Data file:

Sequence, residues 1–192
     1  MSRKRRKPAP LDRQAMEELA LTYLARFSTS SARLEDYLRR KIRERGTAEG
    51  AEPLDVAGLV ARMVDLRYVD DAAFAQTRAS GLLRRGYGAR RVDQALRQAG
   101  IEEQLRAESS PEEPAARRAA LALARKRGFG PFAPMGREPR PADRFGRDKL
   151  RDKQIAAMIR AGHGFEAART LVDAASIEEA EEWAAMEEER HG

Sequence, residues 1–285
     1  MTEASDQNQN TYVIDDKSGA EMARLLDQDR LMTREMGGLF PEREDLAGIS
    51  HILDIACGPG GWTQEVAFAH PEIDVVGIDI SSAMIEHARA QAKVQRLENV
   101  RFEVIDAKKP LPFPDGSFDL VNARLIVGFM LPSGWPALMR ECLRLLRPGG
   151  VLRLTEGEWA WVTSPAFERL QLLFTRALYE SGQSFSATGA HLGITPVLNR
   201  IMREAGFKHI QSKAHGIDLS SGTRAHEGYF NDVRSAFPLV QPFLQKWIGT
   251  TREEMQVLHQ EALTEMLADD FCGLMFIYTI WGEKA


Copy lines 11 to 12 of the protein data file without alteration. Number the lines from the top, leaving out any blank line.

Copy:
   201  IMREAGFKHI QSKAHGIDLS SGTRAHEGYF NDVRSAFPLV QPFLQKWIGT
   251  TREEMQVLHQ EALTEMLADD FCGLMFIYTI WGEKA